The rest of the tracks explicate this inner struggle to make sense of it all from a wiser, more self-aware vantage point than YTG’s first album. “A lot of songs on the album are really dark,” Gadhia says. “About being completely lost in your own head. And there are other more joyous songs.” The sounds/ textures throughout are clearer, more spacious and more rhythmic, owing to the band’s eclectic listening habits. Cannata told me the band is “really influenced by David Bowie, Talking Heads and [electronic producers] Flying Lotus and Bibio. But our collective favorite is Radiohead.”
Those influences are apparent as the band launches into their live set,their growth as musicians evident in the tightness of their playing, the interplay between each member — they are locked-in, focused, moving efficiently through the show. Only experienced bands can play with such economy but still look like they’re actually having fun on stage. During “Eros” the band drops into a moody instrumental break that makes the Tabernacle feel like a small club; “Camera” builds up from a simple gospel organ to a swooning chorus as blinding light sweeps the crowd. The breathing room in the new songs allows Gadhia’s vocals to soar, whether he’s playing keyboards or twirling in place. I certainly can’t tell that they’re “still working out the kinks of the live show and the set list,” as Cannata put it.
I am reminded of earlier that day, during an off-the-cuff photo shoot across from the Tabernacle, where the guys were mustering energy through a haze of sleepiness but remaining affable, even eager to pause for a picture with some teenage fans that crept onto the set; Doostzadeh insisted on taking multiples so the kids left with a perfect shot. The band is disarmingly nice in person, asking questions about the magazine, music writing, “The Walking Dead” — anything to deflect the spotlight. You’d never guess this unassuming bunch would be playing to a sold-out crowd of over 2,500 in a few hours. Hanging out with YTG felt like being at a graduation party for a group of very appreciative, but slightly embarrassed, college kids.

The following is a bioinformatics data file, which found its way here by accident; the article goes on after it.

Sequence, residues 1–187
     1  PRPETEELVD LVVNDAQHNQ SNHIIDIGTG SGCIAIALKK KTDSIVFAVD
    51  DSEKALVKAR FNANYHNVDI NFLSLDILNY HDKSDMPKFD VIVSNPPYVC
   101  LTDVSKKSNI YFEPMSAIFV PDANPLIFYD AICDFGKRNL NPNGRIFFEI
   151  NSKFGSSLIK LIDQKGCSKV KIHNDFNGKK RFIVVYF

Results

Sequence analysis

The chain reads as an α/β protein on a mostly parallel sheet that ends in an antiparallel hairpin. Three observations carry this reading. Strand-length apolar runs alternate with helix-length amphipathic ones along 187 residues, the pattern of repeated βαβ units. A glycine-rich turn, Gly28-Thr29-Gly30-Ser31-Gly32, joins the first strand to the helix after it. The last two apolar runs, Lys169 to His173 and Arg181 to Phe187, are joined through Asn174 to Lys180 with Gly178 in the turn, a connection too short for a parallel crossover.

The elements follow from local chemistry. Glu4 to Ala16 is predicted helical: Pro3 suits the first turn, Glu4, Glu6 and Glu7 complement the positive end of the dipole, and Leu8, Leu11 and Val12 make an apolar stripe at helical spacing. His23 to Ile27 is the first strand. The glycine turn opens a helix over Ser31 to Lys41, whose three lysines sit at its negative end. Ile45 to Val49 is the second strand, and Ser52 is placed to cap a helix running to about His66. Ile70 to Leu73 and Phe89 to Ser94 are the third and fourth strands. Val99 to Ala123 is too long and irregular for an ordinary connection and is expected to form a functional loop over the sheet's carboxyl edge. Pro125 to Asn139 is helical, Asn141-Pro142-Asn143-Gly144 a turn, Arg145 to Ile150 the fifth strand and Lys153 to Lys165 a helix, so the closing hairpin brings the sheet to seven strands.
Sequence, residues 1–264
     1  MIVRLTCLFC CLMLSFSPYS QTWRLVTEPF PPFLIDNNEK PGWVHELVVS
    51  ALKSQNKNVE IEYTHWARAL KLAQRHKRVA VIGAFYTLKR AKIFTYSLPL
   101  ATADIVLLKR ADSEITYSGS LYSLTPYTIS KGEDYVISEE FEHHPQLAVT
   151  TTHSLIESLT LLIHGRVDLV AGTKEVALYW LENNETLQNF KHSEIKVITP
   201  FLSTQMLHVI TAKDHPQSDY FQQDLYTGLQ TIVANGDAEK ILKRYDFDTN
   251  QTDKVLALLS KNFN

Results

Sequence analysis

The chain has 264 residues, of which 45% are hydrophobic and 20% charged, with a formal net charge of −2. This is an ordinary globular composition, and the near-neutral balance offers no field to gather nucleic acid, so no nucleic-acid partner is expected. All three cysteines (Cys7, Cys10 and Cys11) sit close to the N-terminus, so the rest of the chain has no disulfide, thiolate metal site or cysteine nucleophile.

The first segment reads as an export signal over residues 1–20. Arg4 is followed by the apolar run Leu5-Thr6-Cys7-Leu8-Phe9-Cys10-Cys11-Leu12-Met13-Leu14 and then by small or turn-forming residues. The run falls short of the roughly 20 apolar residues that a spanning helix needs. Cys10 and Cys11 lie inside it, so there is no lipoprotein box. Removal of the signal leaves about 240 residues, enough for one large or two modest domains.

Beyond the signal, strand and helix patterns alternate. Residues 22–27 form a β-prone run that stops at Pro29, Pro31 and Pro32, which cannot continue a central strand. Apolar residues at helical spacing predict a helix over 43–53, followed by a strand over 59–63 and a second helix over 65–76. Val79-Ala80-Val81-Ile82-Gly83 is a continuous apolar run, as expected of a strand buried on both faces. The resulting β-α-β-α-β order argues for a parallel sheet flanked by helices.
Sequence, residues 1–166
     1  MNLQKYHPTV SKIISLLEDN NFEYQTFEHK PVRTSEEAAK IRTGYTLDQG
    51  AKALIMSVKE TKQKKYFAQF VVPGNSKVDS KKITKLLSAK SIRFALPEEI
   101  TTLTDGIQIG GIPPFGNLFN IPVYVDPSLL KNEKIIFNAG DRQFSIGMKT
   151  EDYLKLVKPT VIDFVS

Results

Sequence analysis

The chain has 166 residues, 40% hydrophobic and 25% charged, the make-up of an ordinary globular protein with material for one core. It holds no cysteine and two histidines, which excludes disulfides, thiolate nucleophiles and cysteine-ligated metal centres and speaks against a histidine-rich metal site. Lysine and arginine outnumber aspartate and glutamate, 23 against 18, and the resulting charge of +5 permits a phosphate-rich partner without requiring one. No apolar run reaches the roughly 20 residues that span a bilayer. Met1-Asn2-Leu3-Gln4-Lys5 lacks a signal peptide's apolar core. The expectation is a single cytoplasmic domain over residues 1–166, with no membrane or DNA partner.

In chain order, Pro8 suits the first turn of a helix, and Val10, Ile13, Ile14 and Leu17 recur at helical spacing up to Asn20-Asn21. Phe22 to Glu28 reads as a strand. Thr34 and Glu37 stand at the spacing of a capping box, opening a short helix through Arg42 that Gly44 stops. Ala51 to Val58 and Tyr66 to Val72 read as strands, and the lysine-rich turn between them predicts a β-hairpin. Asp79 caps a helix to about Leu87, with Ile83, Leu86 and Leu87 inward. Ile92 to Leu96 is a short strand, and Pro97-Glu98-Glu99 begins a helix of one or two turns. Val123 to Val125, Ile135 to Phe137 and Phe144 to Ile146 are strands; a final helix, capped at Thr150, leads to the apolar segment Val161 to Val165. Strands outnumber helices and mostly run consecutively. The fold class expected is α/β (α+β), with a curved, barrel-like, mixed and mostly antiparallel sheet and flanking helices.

Mind Over Matter is ultimately the story of a band coming into its own. Cannata sums up the band’s feeling of achievement this way: “We’ve stayed true to how we wrote songs on the first record (but) still experimented a bit ... there’s more depth to the album, each song has its own sonic landscape.” More generally, the youthful indeterminacy of the first album was overcome by a more mature mentality on the second. This is the struggle faced by any young person entering his or her mid-20s: truly accepting their adulthood. College is ending, the real world stands before you and it’s time to get serious, but you’re still young and free.
Yeah, there are a lot of “adults” here. Fortunately YTG is writing the soundtrack for their struggle. When the high-school couple reaches that age, they’ll hear it for themselves.